In my previous post, I talked about the strong evidence for the presence of water ice in permanently shaded crater floors around the north pole of Mercury. Part of the evidence for this was the thermal modeling of surface and near-surface temperatures to predict polar temperatures. We’re all familiar with the fact that polar regions of the earth are colder than equatorial regions, and the same is true for Mercury. But things are a lot simpler on Mercury. There is no atmosphere to carry heat from one part of the globe to another, and there are no oceans to act as heat traps. The only things much affecting these temperatures are
• The angle of the sun, which is related to latitude and the time of solar day (morning, noon, etc.)
• The topography of the surface (an area might be shaded from the sun most of the time)
But while these are certainly the most important, are they really the only influences? Take a look at the figure below, showing the average temperature just below the surface over a two-Mercury-year period.
(From Paige, D.A., Siegler, M.A., Harmon, J.K., Neumann, G.A., Mazarico, E.M., Smith, D.E., Zuber, M.T., Harju, E., Delitsky, M.L., and Solomon, S.C., 2013, Thermal Stability of Volatiles in the North Polar Region of Mercury, Science, vol. 339, p. 300-303. Reprinted with permission from AAAS.)
See anything odd about this? The topographical variations that you would expect are there, and indeed they are the reason that ice can survive on this scorched planet. See if you can find something unexpected, though. (Explanation after the jump.)
See how those cooler temperatures (the green colors that indicate average temperatures around 250 K [-10° F]) extend to lower latitudes around longitudes 90° and -90°? Or conversely, how it gets hotter even at high latitudes around longitudes 0° and 180°? To quote from the paper:
The latitudinal and longitudinal symmetries in…near-surface temperatures result from Mercury’s near-zero obliquity, eccentric orbit, and 3:2 spin-orbit resonance.
Let’s break this down into each of the three influences cited.
Obliquity—This refers to the planet’s axial tilt, how much its spin axis is tilted relative to the plane of its orbit. If the axis is normal (tilted at 90°) to the orbital plane, the obliquity is said to be zero. Mercury’s obliquity is essentially zero.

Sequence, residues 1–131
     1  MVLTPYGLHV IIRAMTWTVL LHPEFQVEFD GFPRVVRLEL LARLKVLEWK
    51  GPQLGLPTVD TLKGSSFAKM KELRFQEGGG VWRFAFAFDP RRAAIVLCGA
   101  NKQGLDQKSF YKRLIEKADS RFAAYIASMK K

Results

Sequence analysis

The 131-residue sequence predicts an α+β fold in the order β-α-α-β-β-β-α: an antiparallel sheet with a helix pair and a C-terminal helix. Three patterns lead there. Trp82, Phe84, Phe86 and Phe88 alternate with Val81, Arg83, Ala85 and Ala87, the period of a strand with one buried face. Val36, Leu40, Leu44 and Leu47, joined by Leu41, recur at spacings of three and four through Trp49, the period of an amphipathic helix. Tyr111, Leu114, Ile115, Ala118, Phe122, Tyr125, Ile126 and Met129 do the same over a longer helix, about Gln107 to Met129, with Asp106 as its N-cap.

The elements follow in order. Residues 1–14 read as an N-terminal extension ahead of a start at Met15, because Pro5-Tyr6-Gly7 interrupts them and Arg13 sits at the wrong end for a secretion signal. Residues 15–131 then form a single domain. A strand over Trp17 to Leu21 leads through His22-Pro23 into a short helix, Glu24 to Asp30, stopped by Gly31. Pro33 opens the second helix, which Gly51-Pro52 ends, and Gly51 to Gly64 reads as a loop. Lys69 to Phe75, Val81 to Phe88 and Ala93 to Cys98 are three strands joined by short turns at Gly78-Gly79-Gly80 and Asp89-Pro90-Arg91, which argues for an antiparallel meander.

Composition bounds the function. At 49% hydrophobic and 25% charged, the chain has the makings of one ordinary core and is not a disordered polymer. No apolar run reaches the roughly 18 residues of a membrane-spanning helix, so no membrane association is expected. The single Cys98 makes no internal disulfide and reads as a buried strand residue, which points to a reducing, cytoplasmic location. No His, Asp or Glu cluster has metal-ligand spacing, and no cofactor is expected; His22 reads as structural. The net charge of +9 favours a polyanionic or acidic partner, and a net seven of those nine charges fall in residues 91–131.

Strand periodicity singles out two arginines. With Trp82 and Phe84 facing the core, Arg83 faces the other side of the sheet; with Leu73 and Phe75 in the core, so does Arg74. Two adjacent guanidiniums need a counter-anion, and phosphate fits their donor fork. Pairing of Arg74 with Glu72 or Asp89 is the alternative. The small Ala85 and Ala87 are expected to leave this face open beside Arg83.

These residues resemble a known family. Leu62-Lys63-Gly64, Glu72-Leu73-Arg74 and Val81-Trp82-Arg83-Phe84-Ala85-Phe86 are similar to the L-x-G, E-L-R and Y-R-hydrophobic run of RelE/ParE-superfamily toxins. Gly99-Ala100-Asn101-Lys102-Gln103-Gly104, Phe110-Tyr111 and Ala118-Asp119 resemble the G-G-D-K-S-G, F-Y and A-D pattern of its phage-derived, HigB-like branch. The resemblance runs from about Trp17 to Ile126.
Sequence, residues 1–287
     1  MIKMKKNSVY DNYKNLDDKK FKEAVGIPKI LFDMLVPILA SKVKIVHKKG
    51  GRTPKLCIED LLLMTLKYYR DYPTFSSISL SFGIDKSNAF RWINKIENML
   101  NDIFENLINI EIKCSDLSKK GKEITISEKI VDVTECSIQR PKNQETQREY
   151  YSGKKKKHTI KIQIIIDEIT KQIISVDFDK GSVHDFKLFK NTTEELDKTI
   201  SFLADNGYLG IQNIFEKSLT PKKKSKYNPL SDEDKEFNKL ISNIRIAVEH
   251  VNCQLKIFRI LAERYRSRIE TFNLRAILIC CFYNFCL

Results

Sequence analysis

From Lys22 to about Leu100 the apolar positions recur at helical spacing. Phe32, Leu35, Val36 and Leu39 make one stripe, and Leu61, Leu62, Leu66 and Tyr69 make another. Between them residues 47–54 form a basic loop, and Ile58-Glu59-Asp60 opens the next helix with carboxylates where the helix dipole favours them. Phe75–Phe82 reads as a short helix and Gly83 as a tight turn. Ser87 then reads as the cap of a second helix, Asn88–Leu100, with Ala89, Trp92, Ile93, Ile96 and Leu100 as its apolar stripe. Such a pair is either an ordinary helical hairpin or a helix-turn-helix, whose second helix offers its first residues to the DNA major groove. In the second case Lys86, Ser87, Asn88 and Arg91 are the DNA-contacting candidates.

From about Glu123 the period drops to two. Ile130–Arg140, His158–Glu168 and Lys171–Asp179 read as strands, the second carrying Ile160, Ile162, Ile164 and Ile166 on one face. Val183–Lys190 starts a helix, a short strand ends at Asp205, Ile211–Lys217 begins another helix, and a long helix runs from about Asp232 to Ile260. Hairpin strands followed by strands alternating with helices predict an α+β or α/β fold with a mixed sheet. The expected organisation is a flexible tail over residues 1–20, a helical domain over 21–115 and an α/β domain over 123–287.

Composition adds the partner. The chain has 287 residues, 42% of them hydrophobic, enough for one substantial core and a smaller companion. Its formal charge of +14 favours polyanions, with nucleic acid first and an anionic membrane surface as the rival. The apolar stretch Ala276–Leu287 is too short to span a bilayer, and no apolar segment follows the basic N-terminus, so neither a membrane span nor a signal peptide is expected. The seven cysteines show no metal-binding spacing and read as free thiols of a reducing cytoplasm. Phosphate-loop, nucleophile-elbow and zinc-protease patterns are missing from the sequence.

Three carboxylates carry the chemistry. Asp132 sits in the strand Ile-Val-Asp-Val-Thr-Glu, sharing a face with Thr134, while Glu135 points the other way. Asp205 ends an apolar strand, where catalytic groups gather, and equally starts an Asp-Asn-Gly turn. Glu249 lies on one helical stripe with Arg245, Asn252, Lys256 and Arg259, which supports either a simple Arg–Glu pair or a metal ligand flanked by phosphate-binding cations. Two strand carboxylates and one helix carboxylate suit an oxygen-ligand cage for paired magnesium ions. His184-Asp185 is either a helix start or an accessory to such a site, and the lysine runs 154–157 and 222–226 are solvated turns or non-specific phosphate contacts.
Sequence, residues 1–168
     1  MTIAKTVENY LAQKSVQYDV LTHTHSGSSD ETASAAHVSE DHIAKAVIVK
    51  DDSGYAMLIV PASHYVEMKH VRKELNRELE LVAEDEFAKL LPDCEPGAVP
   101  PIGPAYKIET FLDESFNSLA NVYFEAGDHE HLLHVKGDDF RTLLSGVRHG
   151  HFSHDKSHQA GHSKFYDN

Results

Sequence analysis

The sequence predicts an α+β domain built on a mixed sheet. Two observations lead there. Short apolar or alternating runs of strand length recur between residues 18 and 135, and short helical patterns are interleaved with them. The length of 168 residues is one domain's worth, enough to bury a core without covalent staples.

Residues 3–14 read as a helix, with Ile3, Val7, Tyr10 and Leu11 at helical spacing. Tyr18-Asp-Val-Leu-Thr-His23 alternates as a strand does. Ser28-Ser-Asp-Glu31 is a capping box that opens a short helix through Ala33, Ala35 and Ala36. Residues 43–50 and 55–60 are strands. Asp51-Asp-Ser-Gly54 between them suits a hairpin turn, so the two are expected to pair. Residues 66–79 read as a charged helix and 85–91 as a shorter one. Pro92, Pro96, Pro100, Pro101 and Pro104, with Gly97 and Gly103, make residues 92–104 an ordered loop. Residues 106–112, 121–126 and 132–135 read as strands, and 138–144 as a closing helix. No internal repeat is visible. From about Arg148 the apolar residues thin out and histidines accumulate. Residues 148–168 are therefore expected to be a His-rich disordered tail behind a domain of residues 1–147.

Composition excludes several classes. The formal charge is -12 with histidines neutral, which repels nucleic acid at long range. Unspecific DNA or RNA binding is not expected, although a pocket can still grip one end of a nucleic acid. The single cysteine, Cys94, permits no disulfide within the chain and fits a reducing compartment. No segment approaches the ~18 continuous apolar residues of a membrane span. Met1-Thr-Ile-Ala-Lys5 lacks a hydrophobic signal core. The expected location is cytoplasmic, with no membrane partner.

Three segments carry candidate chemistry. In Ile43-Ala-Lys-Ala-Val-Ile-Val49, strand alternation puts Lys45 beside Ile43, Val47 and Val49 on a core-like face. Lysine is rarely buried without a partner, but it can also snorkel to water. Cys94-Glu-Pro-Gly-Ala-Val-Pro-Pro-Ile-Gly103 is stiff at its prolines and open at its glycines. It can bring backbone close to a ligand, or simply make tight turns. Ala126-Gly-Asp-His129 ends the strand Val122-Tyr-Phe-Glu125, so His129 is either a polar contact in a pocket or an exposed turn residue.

That doesn’t explain the pattern, however, because with zero obliquity you would expect the temperature distribution to be completely symmetrical around the pole. In other words, the color bands should be in concentric circles.
Eccentric Orbit—Now we’re beginning to get somewhere. Eccentricity is an astronomical term that has nothing to do with the uncle you don’t let out of the house; it refers to the non-circularity of an orbit. An eccentric orbit is an ellipse, and an eccentric solar orbit has a point of closest approach to the sun (perihelion) and one of greatest distance from it (aphelion).
The perihelion distance for Mercury is 46 million km (29 million miles); aphelion is 70 million km (43 million miles). Quite a difference, and quite a difference in the intensity of sunlight hitting the surface. Solar heating would be more than twice as strong at perihelion as at aphelion! But this still raises the question of why heating would be more intense at some longitudes than at others.
3:2 spin-orbit resonance—Here is the answer to the puzzle. What this term means is that Mercury spins on its axis three times in every two trips around the sun. Let’s walk through the diagram below.
Mercury is not oblong of course, nor does it have a big red dot on the surface. The diagram uses these artifacts to make it clear how the surface is oriented in space at each of the numbered locations. Notice that one of two exactly opposite sides of the planet will be always be directly facing the sun when Mercury is at perihelion. And the two sides that are at a 90° angle to those two will always be directly facing the sun when Mercury is at aphelion. The big red dot is at 0° longitude, exactly opposite it is 180° longitude. When it’s high noon at one or the other of these latitudes, Mercury is at perihelion. When it is high noon at either 90° longitude or -90° longitude (this is designated as 270° longitude by some), Mercury is at aphelion. It gets hotter at higher latitudes around 0° and 180° because when it hits high noon at these latitudes, Mercury is as close to the sun as it ever gets.
Here is a good web site to further illustrate the point. Cool (OK, let’s say interesting) stuff!